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Japan: justice chief targets Juvenile Law so 18-year-olds can be charged as adults

Justice Minister Katsutoshi Kaneda has consulted an advisory panel about the possibility of lowering the age of criminal adulthood to 18 from 20, a move critics claim could deprive 18- and 19-year-old offenders of the rehabilitation opportunities guaranteed by the Juvenile Law.

Criminal offenders under 20 receive special treatment under the law, including enrollment in juvenile correctional facilities.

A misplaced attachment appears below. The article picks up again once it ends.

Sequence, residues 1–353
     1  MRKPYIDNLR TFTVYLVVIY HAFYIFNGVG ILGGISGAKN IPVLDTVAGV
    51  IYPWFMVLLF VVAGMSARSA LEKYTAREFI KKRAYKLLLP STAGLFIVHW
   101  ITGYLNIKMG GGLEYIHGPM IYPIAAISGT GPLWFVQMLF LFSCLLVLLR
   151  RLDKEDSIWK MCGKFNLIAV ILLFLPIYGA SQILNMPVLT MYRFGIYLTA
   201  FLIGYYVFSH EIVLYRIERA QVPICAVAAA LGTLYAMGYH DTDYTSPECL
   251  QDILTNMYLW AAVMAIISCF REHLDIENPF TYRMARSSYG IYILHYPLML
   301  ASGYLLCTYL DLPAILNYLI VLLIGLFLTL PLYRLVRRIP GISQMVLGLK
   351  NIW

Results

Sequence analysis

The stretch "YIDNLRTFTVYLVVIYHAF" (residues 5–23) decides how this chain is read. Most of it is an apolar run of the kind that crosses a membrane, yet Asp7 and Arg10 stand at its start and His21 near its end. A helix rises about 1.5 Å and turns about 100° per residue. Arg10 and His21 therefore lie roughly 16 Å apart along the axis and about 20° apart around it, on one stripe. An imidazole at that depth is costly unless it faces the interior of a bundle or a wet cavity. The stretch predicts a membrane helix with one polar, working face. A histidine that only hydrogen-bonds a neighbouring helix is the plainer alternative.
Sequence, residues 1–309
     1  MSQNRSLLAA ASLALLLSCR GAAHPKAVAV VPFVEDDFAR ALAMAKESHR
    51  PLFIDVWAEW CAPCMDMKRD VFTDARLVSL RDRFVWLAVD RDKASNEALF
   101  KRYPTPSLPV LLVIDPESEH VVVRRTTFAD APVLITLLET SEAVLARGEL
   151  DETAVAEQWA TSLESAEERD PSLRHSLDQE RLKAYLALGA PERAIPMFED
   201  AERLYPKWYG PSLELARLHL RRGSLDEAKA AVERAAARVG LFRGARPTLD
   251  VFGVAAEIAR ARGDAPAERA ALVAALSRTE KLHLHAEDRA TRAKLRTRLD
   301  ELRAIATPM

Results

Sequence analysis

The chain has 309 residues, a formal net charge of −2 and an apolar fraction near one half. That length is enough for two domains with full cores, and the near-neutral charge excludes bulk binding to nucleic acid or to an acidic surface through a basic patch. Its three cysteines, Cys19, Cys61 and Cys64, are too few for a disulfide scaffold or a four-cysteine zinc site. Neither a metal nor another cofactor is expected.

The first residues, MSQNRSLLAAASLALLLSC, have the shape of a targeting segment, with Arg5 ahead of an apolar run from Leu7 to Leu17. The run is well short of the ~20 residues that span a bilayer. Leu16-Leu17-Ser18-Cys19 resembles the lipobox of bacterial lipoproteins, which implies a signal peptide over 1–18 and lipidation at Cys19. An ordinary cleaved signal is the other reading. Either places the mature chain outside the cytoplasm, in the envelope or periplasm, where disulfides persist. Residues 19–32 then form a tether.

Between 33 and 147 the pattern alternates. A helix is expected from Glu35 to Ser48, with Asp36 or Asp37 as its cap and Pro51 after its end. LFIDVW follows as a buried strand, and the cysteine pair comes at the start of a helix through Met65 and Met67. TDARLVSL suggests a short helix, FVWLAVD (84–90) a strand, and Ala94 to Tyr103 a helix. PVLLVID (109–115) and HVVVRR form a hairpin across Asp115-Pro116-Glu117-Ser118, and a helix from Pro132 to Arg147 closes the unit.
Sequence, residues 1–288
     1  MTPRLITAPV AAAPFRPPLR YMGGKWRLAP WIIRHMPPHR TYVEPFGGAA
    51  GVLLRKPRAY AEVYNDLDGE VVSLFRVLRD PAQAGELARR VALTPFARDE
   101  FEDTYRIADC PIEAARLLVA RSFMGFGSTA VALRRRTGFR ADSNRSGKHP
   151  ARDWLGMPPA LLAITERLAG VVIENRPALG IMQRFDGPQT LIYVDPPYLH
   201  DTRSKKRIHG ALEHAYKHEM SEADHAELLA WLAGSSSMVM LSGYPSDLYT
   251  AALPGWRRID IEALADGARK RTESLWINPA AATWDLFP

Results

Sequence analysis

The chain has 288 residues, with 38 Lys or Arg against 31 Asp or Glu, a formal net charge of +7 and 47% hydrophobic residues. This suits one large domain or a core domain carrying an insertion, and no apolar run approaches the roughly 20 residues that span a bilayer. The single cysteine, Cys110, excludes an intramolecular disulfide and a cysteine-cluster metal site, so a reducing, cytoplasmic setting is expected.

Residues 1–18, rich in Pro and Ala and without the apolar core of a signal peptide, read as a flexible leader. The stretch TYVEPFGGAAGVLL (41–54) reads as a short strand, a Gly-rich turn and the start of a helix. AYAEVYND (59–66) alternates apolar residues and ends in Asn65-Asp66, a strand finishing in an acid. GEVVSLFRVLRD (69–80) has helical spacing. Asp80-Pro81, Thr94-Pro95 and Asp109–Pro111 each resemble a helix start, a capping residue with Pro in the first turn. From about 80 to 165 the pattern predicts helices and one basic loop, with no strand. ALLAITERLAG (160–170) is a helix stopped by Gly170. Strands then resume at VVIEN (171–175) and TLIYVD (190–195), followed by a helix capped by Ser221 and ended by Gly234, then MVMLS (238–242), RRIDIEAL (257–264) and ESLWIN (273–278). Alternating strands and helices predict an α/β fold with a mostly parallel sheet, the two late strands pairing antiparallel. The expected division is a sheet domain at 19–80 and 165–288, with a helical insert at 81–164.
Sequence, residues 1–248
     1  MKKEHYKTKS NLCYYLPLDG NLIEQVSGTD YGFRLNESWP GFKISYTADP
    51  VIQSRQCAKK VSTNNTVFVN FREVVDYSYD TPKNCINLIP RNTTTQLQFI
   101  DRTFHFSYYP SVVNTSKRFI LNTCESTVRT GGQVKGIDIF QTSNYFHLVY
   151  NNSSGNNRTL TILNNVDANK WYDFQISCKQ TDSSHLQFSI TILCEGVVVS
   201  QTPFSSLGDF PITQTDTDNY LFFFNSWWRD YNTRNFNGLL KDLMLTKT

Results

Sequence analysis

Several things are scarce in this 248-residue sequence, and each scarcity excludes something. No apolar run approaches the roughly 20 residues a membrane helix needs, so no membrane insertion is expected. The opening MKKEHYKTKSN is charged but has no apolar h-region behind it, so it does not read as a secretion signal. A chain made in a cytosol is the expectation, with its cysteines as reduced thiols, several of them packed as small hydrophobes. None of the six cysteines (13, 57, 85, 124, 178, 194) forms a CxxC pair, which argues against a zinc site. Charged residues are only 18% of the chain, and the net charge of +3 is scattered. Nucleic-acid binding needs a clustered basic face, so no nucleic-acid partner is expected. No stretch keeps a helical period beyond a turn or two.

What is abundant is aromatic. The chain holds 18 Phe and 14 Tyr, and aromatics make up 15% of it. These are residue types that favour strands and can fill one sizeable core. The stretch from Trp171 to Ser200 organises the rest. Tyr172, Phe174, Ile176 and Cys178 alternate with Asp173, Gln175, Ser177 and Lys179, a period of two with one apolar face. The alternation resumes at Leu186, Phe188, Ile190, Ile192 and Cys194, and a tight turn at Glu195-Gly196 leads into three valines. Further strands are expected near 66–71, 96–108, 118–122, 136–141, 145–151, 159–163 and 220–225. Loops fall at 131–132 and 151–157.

Some lawyers and legal experts think that lowering the age of criminal adulthood would lessen opportunities for rehabilitation and increase recidivism.

It is likely to take more than a year for the Legislative Council of the Justice Ministry to compile an advisory report on the issue.

Based on the outcome of Thursday’s consultation, the ministry intends to submit amendments to the juvenile law and the penal code to the Diet as early as next year.

The number of arrests involving minors has been declining since 1998, when there were around 184,000. The figure stood at around 48,000 in 2015, according to the government white paper on crime.

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